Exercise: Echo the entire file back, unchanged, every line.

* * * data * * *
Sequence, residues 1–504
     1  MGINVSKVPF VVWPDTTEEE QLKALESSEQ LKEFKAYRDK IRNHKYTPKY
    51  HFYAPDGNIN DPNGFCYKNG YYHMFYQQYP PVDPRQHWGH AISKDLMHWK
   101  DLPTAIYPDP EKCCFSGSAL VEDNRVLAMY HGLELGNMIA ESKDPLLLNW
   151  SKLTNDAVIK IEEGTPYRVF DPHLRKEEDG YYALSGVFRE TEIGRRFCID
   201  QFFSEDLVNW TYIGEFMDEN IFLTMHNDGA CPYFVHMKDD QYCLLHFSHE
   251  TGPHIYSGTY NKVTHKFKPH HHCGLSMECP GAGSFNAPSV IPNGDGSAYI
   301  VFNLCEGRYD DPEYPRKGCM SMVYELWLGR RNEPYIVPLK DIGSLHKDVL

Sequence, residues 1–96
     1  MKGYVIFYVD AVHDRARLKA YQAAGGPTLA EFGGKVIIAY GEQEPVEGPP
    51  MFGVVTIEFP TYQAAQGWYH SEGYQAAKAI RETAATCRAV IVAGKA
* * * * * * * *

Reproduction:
Sequence, residues 1–504
     1  MGINVSKVPF VVWPDTTEEE QLKALESSEQ LKEFKAYRDK IRNHKYTPKY
    51  HFYAPDGNIN DPNGFCYKNG YYHMFYQQYP PVDPRQHWGH AISKDLMHWK
   101  DLPTAIYPDP EKCCFSGSAL VEDNRVLAMY HGLELGNMIA ESKDPLLLNW
   151  SKLTNDAVIK IEEGTPYRVF DPHLRKEEDG YYALSGVFRE TEIGRRFCID
   201  QFFSEDLVNW TYIGEFMDEN IFLTMHNDGA CPYFVHMKDD QYCLLHFSHE
   251  TGPHIYSGTY NKVTHKFKPH HHCGLSMECP GAGSFNAPSV IPNGDGSAYI
   301  VFNLCEGRYD DPEYPRKGCM SMVYELWLGR RNEPYIVPLK DIGSLHKDVL

Sequence, residues 1–96
     1  MKGYVIFYVD AVHDRARLKA YQAAGGPTLA EFGGKVIIAY GEQEPVEGPP
    51  MFGVVTIEFP TYQAAQGWYH SEGYQAAKAI RETAATCRAV IVAGKA